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I have a number of formerly good friends who no longer speak to me. These are people I sincerely like, people whom I feel genuinely tender and caring towards, people I’d love to pick up and continue the friendship with. Only they refuse to speak to me. They don’t call; they don’t write. They don’t return calls and they don’t return emails. Usually, the breech comes about as a result of something I’ve said or done; the resulting Spontaneous Relationship Abortion often catches me completely off guard.

I don’t really blame these former friends for cutting off contact. It’s not like I’ve never stopped responding to someone’s desire for continued contact with me. Much like a spontaneous pregnancy abortion though, I feel great sadness when it happens; and I’ve given a lot of thought as to why it happens.

Turning Ghosts into Ancestors

GhostOne notion I’ve come up with is that many of these relationship abortions are failed attempts to turn ghosts into ancestors. This is a phrase that Buddhist psychiatrist, Mark Epstein attributes to the great developmental theorist D. W. Winnicott. He’s essentially suggesting that the people from our past by whose actions we’ve suffered trauma (most often our parents, but not always), live in us as ghosts (whether we realize it or not). They remain in that unsteady state until the memories of whatever violations they perpetrated have been fully surfaced and integrated. Friendships (not to mention: marriages and committed partnerships) too often unconsciously serve the surfacing function. But we have few means and methods in our culture that allow us to feed and skillfully work with these hungry ghosts and turn them back into friends, or at least ancestors who no longer reactively hijack our nervous system with what they say and do.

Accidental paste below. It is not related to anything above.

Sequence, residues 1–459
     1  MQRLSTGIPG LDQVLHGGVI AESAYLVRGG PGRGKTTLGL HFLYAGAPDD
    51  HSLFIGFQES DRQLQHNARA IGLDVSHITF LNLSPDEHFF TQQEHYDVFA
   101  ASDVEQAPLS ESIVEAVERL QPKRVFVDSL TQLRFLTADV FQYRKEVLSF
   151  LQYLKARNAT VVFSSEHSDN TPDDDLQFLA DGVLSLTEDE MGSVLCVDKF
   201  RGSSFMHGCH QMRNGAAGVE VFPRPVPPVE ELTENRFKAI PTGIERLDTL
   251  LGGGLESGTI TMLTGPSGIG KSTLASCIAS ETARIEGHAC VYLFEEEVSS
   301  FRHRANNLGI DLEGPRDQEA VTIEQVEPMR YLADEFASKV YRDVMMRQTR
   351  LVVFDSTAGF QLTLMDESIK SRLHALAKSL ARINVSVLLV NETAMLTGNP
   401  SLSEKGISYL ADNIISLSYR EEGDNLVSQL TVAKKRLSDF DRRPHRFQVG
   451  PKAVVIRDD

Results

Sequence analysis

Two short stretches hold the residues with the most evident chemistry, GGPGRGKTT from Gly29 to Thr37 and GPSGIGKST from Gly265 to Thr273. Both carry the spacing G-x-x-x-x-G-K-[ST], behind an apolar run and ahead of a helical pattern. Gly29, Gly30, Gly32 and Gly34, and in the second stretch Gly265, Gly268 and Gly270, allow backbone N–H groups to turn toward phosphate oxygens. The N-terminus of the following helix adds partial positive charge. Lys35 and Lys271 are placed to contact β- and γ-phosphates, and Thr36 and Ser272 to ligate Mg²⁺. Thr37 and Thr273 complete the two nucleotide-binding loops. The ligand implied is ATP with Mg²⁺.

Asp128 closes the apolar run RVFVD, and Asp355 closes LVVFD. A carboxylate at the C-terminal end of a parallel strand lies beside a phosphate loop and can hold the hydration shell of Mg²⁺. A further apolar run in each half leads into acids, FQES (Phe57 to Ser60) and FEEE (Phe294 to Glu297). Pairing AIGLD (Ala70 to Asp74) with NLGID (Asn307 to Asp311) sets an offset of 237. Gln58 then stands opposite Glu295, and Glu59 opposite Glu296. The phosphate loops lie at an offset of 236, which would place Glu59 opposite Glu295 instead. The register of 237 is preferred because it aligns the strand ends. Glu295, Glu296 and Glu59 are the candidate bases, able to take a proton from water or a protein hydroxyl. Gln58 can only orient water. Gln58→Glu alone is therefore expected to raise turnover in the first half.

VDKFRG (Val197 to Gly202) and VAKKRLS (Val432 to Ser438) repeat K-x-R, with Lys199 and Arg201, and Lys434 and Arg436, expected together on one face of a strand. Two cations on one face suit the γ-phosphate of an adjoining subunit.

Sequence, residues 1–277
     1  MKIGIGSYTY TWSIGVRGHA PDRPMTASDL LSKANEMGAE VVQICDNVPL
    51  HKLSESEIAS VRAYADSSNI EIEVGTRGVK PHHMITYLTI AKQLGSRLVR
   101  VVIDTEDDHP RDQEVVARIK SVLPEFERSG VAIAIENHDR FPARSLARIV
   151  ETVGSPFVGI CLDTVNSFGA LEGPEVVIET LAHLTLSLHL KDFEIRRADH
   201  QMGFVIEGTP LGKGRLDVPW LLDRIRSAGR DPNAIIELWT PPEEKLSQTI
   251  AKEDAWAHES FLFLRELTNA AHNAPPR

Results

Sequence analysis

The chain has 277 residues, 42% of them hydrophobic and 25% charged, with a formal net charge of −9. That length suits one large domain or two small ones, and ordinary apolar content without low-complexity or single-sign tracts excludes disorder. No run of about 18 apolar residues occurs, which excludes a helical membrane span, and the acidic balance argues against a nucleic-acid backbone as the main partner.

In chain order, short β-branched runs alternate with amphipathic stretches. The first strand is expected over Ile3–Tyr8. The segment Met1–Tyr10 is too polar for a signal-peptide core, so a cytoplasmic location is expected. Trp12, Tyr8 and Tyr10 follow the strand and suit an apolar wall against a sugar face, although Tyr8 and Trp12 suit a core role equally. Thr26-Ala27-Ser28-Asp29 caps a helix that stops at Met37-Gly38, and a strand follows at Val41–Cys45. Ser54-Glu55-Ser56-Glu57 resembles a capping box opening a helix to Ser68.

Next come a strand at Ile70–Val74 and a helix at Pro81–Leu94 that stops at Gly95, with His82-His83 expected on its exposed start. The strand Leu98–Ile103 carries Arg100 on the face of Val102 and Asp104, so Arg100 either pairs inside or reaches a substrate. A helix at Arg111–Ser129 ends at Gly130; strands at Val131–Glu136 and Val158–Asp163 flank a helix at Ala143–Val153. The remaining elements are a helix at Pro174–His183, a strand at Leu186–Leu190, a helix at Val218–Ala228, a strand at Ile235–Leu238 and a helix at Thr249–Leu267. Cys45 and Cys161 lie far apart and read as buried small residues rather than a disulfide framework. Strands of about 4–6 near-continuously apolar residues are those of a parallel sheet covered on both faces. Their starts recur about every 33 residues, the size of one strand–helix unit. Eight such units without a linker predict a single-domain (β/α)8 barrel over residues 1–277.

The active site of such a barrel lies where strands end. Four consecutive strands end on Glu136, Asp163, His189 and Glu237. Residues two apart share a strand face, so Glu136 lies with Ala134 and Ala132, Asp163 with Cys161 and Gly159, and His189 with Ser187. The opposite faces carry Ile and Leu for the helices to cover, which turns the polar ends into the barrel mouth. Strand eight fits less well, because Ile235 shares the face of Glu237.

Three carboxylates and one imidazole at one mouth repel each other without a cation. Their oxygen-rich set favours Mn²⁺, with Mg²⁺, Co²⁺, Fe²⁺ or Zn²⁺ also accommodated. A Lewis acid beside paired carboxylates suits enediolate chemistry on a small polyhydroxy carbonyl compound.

Life is Like a Box of Dukkha

In Buddhism the First Noble Truth speaks of Dukkha, the changing nature of reality. Our inability to warmly embrace shifting reality underlies much suffering in the world. A somewhat different translation of that term dukkha holds special meaning for me: “difficult to face.” Those things that are difficult to face – causing us to turn away from them – often lie at the root of great suffering. Our own and the rest of the world’s.